Can old-fashioned craft supplies like pipe cleaners and toothpicks measure up
to new and exciting classroom tech offerings like animation software and 3D
Yes, says Laura Briggs, technology resource teacher/staff developer and coach
for Loudoun County Public Schools in Virginia. And by combining hands-on
projects with technology, teachers can provide new resources to integrate into
their science and math curricula.
Briggs, president of the ISTE
Mobile Learning Network, says mobile makerspaces provide fun STEM activities
for students of all ages. Makerspace environments allow students to be creative
and work on a variety of projects, which in turn spark an interest in areas like
engineering and science.
Making projects come to life
Makerspaces can be an entire room, an unused closet or a workbench tucked in
the corner of the classroom. The idea is to provide a space where learners are
able to create, build and explore new possibilities. In fact, makerspaces don’t
even have to be in a permanent space.
Mobile makerspace incorporates two meanings of the word mobile. First, the
makerspace itself is mobile. It can be a cart with makerspace materials that can
be wheeled to classrooms, the libraries or other areas of the school. This
portable lab frees up classroom space and makes these activities more accessible
to more students.
At the same time, mobile makerspaces can take advantage of mobile
technologies, such as tablets, laptops, smartphones and other tools. Students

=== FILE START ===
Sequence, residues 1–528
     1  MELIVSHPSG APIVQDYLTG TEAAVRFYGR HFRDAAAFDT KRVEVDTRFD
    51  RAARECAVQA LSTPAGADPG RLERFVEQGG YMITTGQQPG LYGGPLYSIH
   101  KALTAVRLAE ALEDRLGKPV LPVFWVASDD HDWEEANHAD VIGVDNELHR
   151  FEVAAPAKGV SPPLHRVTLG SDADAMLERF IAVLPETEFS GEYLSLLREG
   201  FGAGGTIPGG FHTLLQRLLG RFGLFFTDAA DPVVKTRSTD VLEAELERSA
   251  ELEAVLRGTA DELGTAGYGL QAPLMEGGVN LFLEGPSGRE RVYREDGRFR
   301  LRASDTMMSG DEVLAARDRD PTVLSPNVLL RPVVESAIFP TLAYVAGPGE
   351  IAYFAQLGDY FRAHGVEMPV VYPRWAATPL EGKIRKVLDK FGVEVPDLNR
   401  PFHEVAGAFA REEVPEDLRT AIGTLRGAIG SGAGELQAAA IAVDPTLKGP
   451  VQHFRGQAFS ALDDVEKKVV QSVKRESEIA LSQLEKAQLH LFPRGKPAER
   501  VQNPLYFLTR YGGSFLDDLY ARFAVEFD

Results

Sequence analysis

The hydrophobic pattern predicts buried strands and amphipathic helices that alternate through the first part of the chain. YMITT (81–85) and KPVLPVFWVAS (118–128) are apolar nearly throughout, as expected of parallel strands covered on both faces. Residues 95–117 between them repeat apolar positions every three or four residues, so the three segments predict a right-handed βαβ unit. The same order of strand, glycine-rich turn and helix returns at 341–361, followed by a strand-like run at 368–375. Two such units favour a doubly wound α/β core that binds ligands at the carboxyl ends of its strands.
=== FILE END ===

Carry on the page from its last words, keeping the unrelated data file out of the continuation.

are able to use an app to create the code that will control a robot or they can
use a smartphone camera to record a stop-animation movie.
While much of the makerspace area can be low or no tech, integrating it with
more advanced technology can challenge not only students but teachers too. By
incorporating technologies, like robotics and 3D printers, into the makerspace
area, less tech-savvy teachers can build their tech skills. “Even though there
is a lot of technology in public areas, within the classroom, it all depends on
how comfortable the teacher is with the technology,” Briggs said.
In her ISTE Professional Learning Series webinar, “Mobile Makerspaces and Fun
STEM Activities for School Year and Summer Camp Programs,” Briggs will focus on
one of her favorite makerspace activities.
Each year, fifth graders create a cardboard arcade for the school’s annual
STEM night. Students use cardboard and other low-tech materials with
technologies like motors and robotics to build their own versions of popular
“Each year, the projects get more inventive and creative,” Briggs says. This
year students built vehicles as well as arcade games.
While Briggs plans to present different project ideas to give webinar
attendees a starting point, she hopes they’ll take try blending the makerspace
environment with STEM instruction. What she plans to show is how teachers can
incorporate this learning technique into their classrooms and how these projects
are not only exciting for the students, but teachers too.
“You don’t have to re-do your classroom or be a technology genius to
incorporate mobile makerspaces into your curriculum,” she says. Start with basic
tools and then sit back watch what your students create.